America’s Looming Primary Care Doctor Shortage

Tomorrow’s graduates of traditional and online public health degree programs are poised to take advantage of the benefits of the Patient Protection and Affordable Care Act (PPACA), including electronic health records that will offer massive amounts of data to make invaluable public health predictions. Unfortunately, without primary care doctors, the new system will be built on a crumbling foundation. In addition to being a patient’s first line of care for a range of health problems, primary care physicians are the gatekeepers for medical care in the new system structured by the PPACA. As the health care law goes into supercharged effect in 2014, the lack of medical generalists could become a serious conundrum.

Just How Bad Is the Problem?
According to current estimates, the U.S. is short about 16,000 primary care doctors, leaving 55 million Americans either without a doctor or looking for one. Only 32 percent of current pre-med students expect to pursue careers in primary care. The Association of American Medical Colleges predicts that the shortage will grow to 90,000 by 2020. Another alarming fact: Nearly half of the country’s current doctors are over 50 years old, and most doctors see fewer patients than they did in the past. Also, 60 percent say that they wouldn’t recommend medicine as a careerand 84 percent say that the profession is in decline.

As the baby boomers head for retirement, an additional 15 million seniors will pour into the Medicare system in the next few years. Add 30 million newly insured people thanks to the PPACA, and the U.S. health care system is headed for a perfect storm. The major cause of the shortage is the cost of medical school. Many medical students graduate with debt approaching $250,000. To pay their student loans, they opt for higher-paying specialties instead of lower-paying primary care. Both universities and the U.S. government are taking some steps to try to re-tilt the balance back toward generalists.

Making Med School Cheaper: Accelerated Education
To help reduce medical school costs, some universities have created accelerated programs for students who want to become primary care physicians. Three major universities have developed accelerated three-year medical school programs for students willing to pursue primary care.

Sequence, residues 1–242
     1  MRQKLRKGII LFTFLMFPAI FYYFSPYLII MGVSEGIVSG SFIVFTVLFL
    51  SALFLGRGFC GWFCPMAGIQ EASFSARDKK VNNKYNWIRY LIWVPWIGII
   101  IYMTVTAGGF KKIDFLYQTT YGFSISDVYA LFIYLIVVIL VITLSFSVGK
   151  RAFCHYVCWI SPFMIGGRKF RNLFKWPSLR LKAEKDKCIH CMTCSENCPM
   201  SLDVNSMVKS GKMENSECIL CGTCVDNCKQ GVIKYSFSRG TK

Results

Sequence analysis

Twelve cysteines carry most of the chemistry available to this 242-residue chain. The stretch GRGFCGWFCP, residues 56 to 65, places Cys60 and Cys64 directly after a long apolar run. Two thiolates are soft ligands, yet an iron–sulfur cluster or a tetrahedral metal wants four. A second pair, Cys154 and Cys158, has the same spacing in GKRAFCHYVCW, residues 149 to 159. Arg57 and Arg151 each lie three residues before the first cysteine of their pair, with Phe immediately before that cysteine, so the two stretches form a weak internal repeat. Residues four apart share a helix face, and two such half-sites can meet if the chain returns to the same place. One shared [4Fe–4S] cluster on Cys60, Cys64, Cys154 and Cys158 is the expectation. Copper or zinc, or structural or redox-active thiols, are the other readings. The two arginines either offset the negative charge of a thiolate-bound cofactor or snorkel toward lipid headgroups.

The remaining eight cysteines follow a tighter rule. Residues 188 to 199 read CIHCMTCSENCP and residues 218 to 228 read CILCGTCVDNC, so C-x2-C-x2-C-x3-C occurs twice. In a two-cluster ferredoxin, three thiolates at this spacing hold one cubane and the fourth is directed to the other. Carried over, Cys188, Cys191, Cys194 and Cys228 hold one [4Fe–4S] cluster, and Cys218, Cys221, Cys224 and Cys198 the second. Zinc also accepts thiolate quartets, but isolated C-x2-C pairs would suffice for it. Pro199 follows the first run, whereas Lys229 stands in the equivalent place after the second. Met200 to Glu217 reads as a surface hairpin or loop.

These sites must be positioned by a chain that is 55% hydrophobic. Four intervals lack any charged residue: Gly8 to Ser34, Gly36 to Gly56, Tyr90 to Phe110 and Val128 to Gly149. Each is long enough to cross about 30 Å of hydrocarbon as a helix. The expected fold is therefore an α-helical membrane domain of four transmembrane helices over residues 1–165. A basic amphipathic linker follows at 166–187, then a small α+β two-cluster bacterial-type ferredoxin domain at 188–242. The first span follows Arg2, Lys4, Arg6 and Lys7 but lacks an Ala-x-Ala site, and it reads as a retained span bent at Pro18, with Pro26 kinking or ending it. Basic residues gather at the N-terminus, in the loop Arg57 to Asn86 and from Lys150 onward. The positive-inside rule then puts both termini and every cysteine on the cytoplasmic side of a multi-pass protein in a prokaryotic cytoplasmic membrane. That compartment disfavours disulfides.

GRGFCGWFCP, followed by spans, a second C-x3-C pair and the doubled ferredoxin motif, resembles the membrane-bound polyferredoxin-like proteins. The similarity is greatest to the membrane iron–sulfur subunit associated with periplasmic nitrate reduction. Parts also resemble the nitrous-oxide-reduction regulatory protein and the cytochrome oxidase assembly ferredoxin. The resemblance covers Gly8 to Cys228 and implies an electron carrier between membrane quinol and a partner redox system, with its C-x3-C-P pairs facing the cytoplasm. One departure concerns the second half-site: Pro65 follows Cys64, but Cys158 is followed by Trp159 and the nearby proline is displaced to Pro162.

Critics of shortened programs worry that three years may not provide enough time for students to be steeped in the necessary knowledge and experience required to succeed in residency programs. Universities would have to put strict standards in place to ensure that they weren’t graduating underqualified doctors.

Throwing Money at the Problem: Extra Medicare Payments
The Obama administration started providing primary care physicians with an additional 10 percent Medicare incentive payment in 2011, and many private insurers have followed suit. The government and private insurers may also provide incentive payments to practices to enable them to develop advanced primary care capabilities in exchange for 24-hour patient access. While the incentive payments could produce positive results, partisan bickering has placed these funds in danger of being cut.

The Relief Pitchers: Nurse Practitioners and Team-Based Care
16 states have given nurse practitioners the ability to work at the primary care level. These professionals can see patients for checkups as well as order and interpret diagnostic tests. Another concept includes the idea of team-based care, in which a doctor would lead a team of medical professionals that would coordinate care with the patient and family. Unfortunately, many more states have to get on board with this solution, and funding, once again, is on the chopping block.

Other Options: Telemedicine and Community Health Centers
The PPACA has provisioned funds to promote telemedicine, particularly in rural areas of the U.S. Instead of driving for hours to see a doctor, patients in rural areas could ask basic questions over videoconference. Also, community health centers can be more empowered to provide primary care. PPACA has set aside $42 million over three years to provide 500 community health centers in 44 states with the chance to expand their services and improve their quality of care.

Fortunately, experts are seeing some hope on the horizon. In 2012, 45,000 first-time applicants applied to medical school, which is a record-setting 3.4-percent increase over 2011 levels. Hopefully, universities can tempt these students toward primary care. In the meantime, state and federal lawmakers have to begin examining—and funding—other alternatives.

 

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